What Is A Perforated Bowel?
If you or a loved one has suffered a perforated bowel, it probably came as quite a shock and you may have a number of questions, such as what is a perforated bowel and why did it happen? This article explores these questions, from symptoms and diagnosis to treatment and the recovery process.
If you or a family member has suffered from a perforated bowel as a result of NHS treatment, you should contact us as soon as possible.
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What Is A Perforated Bowel?
A perforated bowel is a hole or a gap in the wall of the small intestine, large intestine, or stomach.
There are a number of factors that can cause a perforated bowel, including (but not exhaustively):-
- Intestinal blockage;
- Crohn’s disease;
- Crushing injuries – sustained when your bowel is compressed, such as during a car accident;
- Puncture wounds – suffered when your bowel is penetrated, for example during surgery or a colonoscopy.
A perforated bowel should be treated as a medical emergency, as food and faeces can pass through the hole and into the abdomen, leading to infection of the blood, internal bleeding, and potentially even death.
Symptoms, Diagnosis and Treatment
Someone suffering from a perforated bowel will usually experience the following symptoms:-
- Pain in the abdomen;
- Swelling of the abdomen (known as distension);
- Change in bowel movements – such as constipation, diahorrea, or blood in the stool.
A patient presenting these symptoms should be immediately examined for a perforated bowel, usually by means of an X-Ray or a CT scan, which will show whether or not air has escaped into the peritoneal cavity.
If a positive diagnosis is made, then the patient should undergo immediate medical treatment. In the majority of cases, this will involve emergency surgery to repair the perforation.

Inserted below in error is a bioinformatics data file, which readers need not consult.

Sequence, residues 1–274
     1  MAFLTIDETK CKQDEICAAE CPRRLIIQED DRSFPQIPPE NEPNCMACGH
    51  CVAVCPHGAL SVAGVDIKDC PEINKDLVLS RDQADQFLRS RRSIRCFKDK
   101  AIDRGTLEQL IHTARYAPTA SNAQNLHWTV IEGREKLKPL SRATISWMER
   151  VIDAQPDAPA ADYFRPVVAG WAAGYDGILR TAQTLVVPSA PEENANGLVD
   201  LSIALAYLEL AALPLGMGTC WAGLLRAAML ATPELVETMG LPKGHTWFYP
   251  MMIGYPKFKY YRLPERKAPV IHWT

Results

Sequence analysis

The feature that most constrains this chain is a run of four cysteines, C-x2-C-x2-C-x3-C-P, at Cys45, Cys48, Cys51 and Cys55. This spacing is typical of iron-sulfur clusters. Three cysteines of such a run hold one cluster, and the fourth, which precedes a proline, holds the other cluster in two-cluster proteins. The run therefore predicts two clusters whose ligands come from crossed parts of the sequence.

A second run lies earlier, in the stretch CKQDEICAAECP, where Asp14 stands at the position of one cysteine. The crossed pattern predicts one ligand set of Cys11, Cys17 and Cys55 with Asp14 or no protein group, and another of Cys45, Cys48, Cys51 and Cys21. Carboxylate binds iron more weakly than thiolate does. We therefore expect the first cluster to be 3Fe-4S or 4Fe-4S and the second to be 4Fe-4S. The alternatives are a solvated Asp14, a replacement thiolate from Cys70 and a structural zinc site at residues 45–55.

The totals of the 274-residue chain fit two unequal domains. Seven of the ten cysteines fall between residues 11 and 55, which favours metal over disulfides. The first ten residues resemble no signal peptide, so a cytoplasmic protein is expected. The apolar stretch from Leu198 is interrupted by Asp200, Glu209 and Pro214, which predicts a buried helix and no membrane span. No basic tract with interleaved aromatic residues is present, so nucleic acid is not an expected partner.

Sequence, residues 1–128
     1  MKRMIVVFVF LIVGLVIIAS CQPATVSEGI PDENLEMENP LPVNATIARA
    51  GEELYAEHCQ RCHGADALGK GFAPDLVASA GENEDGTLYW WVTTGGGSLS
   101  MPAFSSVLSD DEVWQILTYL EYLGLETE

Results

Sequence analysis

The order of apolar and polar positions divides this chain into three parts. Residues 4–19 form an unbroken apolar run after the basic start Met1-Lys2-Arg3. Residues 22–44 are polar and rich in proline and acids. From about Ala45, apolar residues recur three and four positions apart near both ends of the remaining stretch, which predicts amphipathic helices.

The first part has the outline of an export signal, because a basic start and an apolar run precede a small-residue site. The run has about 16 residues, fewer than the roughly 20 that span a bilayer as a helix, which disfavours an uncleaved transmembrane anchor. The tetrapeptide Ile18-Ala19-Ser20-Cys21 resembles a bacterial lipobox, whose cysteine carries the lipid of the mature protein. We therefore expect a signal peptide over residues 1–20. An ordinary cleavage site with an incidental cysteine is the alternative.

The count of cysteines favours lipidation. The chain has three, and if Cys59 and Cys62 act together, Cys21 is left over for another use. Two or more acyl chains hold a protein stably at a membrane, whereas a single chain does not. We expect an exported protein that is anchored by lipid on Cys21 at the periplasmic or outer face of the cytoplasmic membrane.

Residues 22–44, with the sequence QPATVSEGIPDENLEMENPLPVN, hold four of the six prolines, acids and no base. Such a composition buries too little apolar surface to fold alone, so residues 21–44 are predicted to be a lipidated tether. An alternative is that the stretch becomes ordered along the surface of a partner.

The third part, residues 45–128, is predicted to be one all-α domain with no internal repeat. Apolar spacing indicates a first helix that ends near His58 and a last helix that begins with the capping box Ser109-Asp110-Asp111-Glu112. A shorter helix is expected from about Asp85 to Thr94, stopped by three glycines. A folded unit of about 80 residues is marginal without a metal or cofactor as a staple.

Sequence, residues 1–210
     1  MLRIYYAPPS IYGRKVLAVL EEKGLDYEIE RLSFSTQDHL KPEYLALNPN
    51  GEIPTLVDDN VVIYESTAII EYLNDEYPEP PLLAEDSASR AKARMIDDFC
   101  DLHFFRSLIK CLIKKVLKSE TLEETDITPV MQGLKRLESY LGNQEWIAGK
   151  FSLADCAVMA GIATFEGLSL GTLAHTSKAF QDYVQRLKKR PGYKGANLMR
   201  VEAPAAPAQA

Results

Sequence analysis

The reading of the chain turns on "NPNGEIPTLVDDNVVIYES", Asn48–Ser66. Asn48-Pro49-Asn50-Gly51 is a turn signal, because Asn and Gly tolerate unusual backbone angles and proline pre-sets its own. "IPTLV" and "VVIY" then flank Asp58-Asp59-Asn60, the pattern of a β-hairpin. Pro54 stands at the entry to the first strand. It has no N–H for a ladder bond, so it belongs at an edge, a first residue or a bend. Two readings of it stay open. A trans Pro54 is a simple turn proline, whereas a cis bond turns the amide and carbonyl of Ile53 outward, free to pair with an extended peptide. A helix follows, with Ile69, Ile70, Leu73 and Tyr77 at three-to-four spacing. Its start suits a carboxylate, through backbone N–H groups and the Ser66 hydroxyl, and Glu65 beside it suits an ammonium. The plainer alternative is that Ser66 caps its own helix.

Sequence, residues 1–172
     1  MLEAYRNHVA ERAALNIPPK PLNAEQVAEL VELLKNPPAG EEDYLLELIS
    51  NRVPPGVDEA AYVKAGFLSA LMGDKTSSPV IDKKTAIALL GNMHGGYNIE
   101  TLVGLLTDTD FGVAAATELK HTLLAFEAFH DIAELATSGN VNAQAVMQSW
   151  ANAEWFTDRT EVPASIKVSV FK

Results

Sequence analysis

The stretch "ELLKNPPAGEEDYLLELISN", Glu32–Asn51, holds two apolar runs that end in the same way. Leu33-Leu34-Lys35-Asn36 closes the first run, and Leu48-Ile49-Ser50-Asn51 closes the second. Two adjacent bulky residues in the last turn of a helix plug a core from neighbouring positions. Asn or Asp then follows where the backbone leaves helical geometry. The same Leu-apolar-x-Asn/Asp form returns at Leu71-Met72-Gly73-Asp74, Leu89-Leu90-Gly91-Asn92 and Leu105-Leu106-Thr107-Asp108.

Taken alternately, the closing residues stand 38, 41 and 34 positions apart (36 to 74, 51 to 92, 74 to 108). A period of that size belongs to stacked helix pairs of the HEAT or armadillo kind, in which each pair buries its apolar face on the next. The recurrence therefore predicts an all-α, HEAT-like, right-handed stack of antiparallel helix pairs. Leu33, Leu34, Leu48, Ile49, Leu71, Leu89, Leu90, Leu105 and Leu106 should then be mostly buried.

Perforated Bowel Recovery
Recovering from a perforated bowel of course depends upon the how much damage was suffered. Even so, after undergoing a repair it is normal for a patient to spend time being monitored in an intensive care unit.
Recovery will be slow to begin with, particularly for the first three days, as the effects of toxins in the abdomen continue to be felt. To help expel infection, as well as prevent recurring peritonitis (in which cavities surrounding the abdomen and intestines become infected) a patient should be administered with a strong dose of antibiotics.
Some patients may also require a colostomy bag, whereby a stoma is attached to the large intestine and waste is excreted into a bag outside the body. This is usually a temporary measure, and will be particularly relevant to patients who have had a part of their large intestine removed.
After being discharged from hospital, someone recovering from a perforated bowel can perform light weight exercises but should refrain from strenuous activity. Consistent follow-ups with a medical professional are also of vital importance, both to ensure the wound is healing well and to assess whether there are any underlying conditions that may have caused the perforation.
If you are experiencing any of the symptoms of a perforated bowel, you should seek urgent medical assistance, as an early diagnosis can be essential if a full recovery is to be made.
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